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Nelson Mandela Bay sea cadets get a head start in the maritime sector

Home Business Management Education & Training Nelson Mandela Bay sea cadets get a head start in the maritime...

THE only active training unit of the South African Sea Cadets (SASC) in the Eastern Cape, the TS Lanherne Sea Cadets, hosted their annual prizegiving in Humewood, Gqebera.

The sea cadets instils values of honour and discipline, as well as provide extramural activities during weekends and school holidays to expose learners to basic maritime skills required to be successful in the maritime sector.

The South African International Maritime Institute (SAIMI) was at the event to support the young cadets of Nelson Mandela Bay. SAIMI project coordinator, Mareka Mokwatlo, encouraged the cadets to look wider than just seafaring as a maritime career.

“The South African Sea Cadets Maritime Awareness Programme is an initiative aimed at promoting and raising awareness of maritime-related careers to South African school learners in Grades 6 to 12. SAIMI supports the sea cadets to attract and recruit our future seafarers from this pool of youngsters – in order to lower the attrition rate and reach Operation Phakisa targets,” said Mokwatlo.

SASC Lieutenant (officer-in-charge), Gert Van Staaden, said many TS Lanherne cadets have gone on to join the police, navy, army and airforce.

A familiar sight on a Friday night when driving down Beach Road in Humewood would be the sea cadet parade by youth members dressed neatly in their distinct uniforms.

“The sea cadets instils discipline in the youth, which they actually crave. Every cadet joins voluntarily, and the support of SAIMI has helped us to get the cadets where we want them to be,” said Van Staaden.

Currently the TS Lanherne Sea Cadets train 96 youth members, but the numbers fluctuate with a total of 54 youth members who joined the initial bootcamp. The learners come from over 20 different high schools in the region.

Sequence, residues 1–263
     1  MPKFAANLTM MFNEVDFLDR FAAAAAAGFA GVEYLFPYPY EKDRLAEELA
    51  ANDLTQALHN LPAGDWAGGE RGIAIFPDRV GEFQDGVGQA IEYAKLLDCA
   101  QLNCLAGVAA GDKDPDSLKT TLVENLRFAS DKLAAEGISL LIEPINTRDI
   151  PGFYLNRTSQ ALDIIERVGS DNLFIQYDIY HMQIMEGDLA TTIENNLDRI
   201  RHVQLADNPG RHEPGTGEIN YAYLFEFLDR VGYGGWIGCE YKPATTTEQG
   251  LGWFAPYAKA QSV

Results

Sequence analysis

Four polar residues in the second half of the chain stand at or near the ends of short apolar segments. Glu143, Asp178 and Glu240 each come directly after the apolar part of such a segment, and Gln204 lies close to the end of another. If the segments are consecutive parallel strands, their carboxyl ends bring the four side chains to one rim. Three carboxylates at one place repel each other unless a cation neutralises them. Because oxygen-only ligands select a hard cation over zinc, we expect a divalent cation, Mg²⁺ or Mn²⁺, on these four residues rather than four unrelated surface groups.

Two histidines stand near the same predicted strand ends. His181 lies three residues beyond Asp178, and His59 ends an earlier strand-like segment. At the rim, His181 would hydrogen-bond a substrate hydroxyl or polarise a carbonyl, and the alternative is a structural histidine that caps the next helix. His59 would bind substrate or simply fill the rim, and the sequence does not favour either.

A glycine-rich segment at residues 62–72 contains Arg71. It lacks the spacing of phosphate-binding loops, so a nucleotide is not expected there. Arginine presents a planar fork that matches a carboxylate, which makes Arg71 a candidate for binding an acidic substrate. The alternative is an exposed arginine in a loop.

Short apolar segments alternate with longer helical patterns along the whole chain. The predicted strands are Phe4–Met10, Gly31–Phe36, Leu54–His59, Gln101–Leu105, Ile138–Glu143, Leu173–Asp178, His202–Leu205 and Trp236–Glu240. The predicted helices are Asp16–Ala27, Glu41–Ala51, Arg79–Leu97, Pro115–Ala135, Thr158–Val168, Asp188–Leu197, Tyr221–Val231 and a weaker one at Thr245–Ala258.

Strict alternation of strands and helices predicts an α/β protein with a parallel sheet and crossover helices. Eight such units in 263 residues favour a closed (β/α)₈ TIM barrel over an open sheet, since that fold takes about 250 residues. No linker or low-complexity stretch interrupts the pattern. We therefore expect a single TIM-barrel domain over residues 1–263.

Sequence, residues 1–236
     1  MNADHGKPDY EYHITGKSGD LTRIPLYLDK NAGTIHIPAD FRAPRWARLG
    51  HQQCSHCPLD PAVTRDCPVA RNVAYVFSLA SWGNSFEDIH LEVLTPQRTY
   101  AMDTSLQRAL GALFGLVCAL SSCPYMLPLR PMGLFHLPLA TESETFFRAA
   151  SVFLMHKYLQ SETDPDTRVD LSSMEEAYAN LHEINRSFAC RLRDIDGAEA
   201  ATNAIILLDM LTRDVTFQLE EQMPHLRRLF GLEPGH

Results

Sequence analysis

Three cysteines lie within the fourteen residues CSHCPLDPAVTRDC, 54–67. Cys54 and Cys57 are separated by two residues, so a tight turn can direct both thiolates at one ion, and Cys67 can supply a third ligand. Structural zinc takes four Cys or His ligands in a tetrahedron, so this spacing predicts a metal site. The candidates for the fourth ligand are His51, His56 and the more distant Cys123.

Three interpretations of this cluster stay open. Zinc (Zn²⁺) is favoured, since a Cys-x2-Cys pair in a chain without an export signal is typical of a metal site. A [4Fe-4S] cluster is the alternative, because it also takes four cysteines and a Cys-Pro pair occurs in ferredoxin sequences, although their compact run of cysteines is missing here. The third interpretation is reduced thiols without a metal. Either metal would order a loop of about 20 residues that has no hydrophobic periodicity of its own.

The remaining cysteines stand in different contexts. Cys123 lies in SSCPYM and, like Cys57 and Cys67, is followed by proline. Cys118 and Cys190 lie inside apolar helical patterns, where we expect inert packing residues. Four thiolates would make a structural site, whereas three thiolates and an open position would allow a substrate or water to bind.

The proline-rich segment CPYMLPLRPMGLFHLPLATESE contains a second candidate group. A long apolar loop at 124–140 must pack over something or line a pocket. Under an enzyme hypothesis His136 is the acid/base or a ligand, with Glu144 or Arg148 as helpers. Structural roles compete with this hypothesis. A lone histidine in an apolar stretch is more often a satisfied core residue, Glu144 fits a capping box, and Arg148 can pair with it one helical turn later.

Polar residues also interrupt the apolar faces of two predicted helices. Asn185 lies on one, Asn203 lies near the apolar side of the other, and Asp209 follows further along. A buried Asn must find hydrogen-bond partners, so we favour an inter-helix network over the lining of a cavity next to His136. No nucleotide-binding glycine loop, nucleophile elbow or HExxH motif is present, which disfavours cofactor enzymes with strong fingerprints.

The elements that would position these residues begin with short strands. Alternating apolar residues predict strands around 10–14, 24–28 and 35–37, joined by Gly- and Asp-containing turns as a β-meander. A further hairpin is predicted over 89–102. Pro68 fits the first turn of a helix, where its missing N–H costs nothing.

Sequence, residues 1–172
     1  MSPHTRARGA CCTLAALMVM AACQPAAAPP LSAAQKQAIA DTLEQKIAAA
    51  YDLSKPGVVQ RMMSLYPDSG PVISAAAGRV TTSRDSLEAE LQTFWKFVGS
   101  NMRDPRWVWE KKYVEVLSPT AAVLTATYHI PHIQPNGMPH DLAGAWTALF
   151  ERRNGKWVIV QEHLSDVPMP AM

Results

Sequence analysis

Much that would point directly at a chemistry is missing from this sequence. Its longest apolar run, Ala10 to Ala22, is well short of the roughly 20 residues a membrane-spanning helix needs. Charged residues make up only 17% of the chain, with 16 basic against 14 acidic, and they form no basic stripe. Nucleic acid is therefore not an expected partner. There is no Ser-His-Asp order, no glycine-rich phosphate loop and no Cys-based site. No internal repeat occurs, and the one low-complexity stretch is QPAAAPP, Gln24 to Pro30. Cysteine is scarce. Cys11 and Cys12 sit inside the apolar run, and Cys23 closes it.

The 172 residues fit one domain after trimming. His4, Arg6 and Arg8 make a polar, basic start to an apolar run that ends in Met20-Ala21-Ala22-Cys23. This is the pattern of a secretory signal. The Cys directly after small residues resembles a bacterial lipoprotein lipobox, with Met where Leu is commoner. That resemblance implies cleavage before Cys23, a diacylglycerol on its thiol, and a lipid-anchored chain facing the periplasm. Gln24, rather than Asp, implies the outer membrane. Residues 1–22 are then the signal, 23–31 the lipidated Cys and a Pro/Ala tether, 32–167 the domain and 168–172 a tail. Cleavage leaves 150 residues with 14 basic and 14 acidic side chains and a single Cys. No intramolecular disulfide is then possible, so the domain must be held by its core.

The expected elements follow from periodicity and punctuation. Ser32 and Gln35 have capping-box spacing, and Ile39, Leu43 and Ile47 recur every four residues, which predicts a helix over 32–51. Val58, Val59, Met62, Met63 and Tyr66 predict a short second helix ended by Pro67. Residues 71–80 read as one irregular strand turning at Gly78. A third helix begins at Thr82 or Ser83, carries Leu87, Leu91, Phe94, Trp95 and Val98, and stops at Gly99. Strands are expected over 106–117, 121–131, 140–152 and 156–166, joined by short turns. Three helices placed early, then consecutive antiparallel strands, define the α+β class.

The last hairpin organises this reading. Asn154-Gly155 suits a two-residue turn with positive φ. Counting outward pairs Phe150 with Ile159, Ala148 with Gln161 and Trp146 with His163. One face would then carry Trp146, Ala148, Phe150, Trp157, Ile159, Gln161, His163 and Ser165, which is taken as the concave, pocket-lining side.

SASC Sub-Lieutenant, Ms Zulfa Moodie, concurred that the SAIMI support to the TS Lanherne sea cadets provides a good backing for the organisation in partnering to transform the youth’s lives.

“Our youth come from disadvantaged areas, but we don’t call it that. We tell them that we make the impossible possible. They come here with no background but, by wearing the uniform and adhering to our code of conduct, it changes their lives for the better,” said Moodie.

Grade 11 Chapman High School learne, Tarryn Lepico said the most valuable part about the sea cadet training for her was having someone that is constantly there to advise, help and supervise.

“The training made me want to be the example that I want to see in my community, as currently there is none. I therefore want to be that example for other young people within my community,” said Lepico.

Another Grade 11 learner from St James High School, Analicia Frazenburg, who is a sea cadet, said the training was fun and she made many new friends. “I have learnt to always listen to people’s opinions. I want to pursue a career in sea transporting,” said Frazenburg.

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